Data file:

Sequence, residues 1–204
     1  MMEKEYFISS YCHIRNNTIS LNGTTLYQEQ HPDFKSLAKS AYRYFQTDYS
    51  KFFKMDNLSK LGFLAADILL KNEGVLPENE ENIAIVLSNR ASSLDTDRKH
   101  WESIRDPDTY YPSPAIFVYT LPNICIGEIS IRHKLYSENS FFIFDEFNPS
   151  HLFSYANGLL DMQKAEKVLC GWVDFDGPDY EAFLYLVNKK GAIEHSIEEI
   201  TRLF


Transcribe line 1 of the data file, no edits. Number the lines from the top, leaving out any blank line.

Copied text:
Sequence, residues 1–204